Spinning demonstrations will be part of the fun

by: COURTESY PHOTO: JEANNE LEVY - Yarn cupcakes, clothing and fashion accessories will be part of the craft extravaganza when Forest Groves Valley Art hosts an afternoon of Yarn Tasting, which will include real refreshments.The "finish" might be fuzzy and the "bouquet" might remind you of sheep, but the colors will be superb.

Directly between Saturday’s wine tastings at The Friendly Vine and Urban Decanter, Forest Grove’s Valley Art is offering a free “Yarn Tasting” March 23 to celebrate National Craft Month.

“Sampling yarn is like taste-testing the perfect wedding cake or taking a new car for a spin,” said hostess and Valley Art member Jeanne Levy. “You want to try a yarn to see how it feels in the hand, against the skin, and how it moves on the needles.

“Most of all you want to see how it looks when used to knit your favorite pattern. Does it drape right? Is it cozy? Is it too bulky or so thin it's shapeless?”

From 1 to 3 p.m. Saturday, knitters and crocheters will fill the gallery with their latest projects, as well as troubleshoot problems and chat over refreshments about what's “in” this spring in the yarn fashion world. Anyone interested in crafts is welcome.

Since spring is all about layering, some of the newest accessories include hats, shrugs, gloves and scarves suitable for cool mornings, Levy said.

For "Downton Abbey” fans and those who take their knitting inspiration from British period dramas, vintage and retro patterns are also in.

Levy expects Hollywood's upcoming "The Great Gatsby," starring Leonardo DeCaprio, to bring back flapper fashions and “the cloche — a time tested chapeau.”

Levy also revealed a “green” trend that has caught on with knitters, who aside from working with bamboo needles, use recycled T-shirts to make bags, rugs and other sturdy items.

But nothing is greener than the techniques of featured Scappoose yarn artist and Valley Art veteran Kathleen Kreitman of Wolfkat Designs. Kreitman gathers hair from Pygora goats, sheep and her eight cats to spin into yarn on a wheel and then knit into hats, felted purses and other soft accessories.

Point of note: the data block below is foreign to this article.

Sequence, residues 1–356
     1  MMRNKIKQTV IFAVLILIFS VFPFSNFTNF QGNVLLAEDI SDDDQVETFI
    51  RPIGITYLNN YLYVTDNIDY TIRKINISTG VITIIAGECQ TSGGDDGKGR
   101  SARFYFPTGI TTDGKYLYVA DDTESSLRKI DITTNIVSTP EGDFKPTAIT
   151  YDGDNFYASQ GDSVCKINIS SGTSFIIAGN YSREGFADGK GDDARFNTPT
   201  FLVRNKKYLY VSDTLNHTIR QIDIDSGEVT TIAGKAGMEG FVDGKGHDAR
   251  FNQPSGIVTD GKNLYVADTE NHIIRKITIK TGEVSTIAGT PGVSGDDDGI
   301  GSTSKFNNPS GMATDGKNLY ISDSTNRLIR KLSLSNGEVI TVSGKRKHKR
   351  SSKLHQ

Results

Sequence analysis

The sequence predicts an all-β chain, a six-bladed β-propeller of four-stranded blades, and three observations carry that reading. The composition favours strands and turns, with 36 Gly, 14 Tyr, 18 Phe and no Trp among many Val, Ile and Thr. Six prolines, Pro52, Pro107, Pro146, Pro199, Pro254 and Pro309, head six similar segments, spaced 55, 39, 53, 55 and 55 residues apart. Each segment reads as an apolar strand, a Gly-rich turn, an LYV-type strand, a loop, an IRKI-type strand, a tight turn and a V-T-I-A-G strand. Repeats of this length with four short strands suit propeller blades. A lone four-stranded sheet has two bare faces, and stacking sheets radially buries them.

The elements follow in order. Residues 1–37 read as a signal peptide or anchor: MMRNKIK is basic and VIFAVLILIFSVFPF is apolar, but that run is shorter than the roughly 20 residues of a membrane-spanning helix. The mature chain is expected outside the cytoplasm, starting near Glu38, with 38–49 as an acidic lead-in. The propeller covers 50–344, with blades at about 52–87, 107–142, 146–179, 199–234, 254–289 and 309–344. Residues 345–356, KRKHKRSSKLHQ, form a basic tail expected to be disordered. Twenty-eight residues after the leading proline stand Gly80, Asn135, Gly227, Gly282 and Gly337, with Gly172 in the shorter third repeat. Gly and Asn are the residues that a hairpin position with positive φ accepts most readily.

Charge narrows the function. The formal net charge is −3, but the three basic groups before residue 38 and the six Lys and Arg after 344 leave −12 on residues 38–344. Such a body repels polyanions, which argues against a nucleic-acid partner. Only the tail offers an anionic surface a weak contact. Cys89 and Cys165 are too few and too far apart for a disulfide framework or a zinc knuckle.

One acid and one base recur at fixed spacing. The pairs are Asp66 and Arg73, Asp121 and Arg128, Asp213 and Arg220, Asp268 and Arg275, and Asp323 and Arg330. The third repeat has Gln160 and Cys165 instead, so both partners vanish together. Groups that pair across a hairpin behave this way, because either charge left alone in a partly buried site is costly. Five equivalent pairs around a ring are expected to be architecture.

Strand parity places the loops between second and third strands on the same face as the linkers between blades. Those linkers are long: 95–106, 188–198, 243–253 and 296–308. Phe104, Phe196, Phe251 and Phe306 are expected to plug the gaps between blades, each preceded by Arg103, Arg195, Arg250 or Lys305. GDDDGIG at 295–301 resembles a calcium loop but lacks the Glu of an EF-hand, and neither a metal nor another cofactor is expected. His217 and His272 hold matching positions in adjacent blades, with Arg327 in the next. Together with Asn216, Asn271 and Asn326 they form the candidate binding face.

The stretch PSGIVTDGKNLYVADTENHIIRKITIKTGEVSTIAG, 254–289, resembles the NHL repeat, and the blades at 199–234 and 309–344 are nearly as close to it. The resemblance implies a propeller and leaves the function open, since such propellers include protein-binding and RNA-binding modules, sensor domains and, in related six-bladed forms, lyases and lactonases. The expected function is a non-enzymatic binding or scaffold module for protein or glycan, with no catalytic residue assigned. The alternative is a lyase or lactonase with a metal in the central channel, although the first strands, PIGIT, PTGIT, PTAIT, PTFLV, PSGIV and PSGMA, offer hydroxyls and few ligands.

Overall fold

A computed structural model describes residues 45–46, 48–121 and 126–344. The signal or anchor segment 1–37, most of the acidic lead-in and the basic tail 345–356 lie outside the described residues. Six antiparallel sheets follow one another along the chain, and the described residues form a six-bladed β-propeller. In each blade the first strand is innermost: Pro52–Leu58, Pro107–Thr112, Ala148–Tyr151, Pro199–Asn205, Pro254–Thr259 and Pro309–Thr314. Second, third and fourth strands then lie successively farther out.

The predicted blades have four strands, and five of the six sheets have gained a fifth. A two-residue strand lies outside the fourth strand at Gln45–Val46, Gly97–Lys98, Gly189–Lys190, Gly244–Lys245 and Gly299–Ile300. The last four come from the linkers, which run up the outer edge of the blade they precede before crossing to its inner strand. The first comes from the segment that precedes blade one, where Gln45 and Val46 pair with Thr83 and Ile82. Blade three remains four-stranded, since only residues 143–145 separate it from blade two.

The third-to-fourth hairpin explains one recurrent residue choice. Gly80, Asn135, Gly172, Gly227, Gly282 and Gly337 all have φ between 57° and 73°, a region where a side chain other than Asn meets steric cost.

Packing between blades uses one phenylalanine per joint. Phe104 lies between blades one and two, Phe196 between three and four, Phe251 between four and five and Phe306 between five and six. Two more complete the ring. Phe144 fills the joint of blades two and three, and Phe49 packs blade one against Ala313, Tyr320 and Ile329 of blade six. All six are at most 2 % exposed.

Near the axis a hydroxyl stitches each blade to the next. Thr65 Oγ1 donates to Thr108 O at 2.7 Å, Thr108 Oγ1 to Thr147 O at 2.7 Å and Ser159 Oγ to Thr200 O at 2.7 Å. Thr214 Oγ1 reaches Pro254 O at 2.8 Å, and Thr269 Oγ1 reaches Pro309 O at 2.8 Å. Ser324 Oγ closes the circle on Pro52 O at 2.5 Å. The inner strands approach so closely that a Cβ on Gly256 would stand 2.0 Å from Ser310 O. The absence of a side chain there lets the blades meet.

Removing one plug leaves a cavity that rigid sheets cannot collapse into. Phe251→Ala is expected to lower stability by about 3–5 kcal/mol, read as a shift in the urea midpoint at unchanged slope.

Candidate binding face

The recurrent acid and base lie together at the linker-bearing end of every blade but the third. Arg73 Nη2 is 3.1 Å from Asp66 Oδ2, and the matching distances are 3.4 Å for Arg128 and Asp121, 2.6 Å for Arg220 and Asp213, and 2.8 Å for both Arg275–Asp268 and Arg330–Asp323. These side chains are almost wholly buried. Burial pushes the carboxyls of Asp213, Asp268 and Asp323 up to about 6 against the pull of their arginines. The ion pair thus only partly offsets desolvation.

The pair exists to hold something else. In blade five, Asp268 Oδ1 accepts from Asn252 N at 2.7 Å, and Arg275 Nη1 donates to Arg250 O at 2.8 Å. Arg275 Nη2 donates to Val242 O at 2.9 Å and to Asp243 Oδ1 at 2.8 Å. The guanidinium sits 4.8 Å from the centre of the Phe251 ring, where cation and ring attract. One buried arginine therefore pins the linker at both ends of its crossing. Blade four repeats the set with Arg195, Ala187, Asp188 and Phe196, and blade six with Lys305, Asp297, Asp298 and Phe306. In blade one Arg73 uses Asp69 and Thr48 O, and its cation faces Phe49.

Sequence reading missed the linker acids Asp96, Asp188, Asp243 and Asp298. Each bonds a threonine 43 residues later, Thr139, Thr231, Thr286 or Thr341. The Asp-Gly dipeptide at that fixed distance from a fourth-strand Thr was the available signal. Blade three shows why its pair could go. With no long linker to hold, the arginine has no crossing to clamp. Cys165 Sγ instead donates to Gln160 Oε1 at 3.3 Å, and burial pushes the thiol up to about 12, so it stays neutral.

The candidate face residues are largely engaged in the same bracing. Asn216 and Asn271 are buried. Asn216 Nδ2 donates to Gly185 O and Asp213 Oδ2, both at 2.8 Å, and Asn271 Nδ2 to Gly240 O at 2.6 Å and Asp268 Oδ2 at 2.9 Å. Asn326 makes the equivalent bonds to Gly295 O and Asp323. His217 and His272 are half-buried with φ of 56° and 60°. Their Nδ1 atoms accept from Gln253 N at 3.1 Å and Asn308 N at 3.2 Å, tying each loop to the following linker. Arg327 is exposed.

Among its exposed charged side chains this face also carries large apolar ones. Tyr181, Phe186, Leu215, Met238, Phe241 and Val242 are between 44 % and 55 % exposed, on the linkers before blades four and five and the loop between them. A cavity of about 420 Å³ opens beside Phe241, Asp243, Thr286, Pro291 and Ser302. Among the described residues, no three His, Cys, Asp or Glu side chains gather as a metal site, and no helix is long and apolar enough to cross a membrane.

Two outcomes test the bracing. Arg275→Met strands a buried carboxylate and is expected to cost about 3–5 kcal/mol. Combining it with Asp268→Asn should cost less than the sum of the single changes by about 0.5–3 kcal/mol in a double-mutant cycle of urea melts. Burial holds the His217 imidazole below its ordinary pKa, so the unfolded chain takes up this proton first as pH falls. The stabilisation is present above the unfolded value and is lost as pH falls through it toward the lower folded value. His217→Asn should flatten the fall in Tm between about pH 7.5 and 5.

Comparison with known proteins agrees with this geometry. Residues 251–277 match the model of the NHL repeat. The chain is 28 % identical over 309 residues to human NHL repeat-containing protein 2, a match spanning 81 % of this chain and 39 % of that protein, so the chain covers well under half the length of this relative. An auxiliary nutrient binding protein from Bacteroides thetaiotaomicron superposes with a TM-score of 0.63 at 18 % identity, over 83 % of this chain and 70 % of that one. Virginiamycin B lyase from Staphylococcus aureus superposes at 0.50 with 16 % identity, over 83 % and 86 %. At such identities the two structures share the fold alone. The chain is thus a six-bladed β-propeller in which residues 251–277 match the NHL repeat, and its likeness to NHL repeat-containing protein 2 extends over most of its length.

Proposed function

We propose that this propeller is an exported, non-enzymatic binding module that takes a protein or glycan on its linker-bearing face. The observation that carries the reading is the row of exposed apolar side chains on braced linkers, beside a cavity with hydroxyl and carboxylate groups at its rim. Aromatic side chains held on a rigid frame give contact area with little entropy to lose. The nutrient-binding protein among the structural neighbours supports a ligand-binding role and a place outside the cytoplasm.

Right now Kreitman is knitting a watch-cap from what started as a giant bag of cat hair. It will go to her husband, a wood carver nicknamed “Wolf” (hence the title of her work). Certain types of dog hair can work too, she said.

Instead of buying colored yarn, Kreitman dyes her own, usually in the summer months, using white silk fiber and her favorite colors (lately, turquoise and gold). She knits the dyed silk into shawls and scarves. “I like the silky yarn. It has a nice drape to it,” she said.

The process of spinning hair, silk, and wool into yarn for knitting is anything but quick. Although Kreitman's prices might seem high--her felted bags go for $55 and her hand-dyed silk shawls are $75 — they're relatively low given the 20 to 35 hours she toils on one piece.

Kreitman buys most of her materials on the Internet or at fiber festivals like the Black Sheep Gathering in Eugene and the Oregon Flock and Fiber Festival in Canby.

Aside from one class, Kreitman is self-taught, which was difficult at times. She bought an Ashford Traditional spinning wheel, for example, which the manufacturer called “the most popular spinning wheel in the world,” touting its bobbin-brake adjustment, wide legs, ball bearings and large 22-inch wheel as features that made it easy to understand and operate.

In reality, Kreitman had to work hard to get the motion down. “It's like rubbing your head and tapping your stomach,” she said, but “one day it just clicked.” Fifteen years later, she said, “when you’re spinning that fiber, it just feels really good going through your fingers — it’s really relaxing.”

Kreitman will bring the wheel to the Yarn Tasting for a free demonstration. Leaving behind winter's heavier wool shawls and gloves, she will also bring some fresh spring looks, including lightweight caplets of fine cotton, silk or rayon.

Thirty years after knitting her first afghan in college, Kreitman can't think of a better way to spend a long winter’s eve. “I can't sit down without knitting,” she said. “I just feel like I gotta do something with my hands.”

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